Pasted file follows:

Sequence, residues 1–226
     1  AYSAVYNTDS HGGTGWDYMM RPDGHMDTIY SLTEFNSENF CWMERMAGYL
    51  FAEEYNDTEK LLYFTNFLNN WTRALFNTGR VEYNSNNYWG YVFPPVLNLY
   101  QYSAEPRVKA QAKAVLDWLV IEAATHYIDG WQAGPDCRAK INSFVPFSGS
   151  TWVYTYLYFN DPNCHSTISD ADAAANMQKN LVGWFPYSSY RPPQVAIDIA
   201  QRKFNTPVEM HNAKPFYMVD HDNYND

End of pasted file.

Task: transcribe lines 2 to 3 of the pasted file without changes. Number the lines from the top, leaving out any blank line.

     1  AYSAVYNTDS HGGTGWDYMM RPDGHMDTIY SLTEFNSENF CWMERMAGYL
    51  FAEEYNDTEK LLYFTNFLNN WTRALFNTGR VEYNSNNYWG YVFPPVLNLY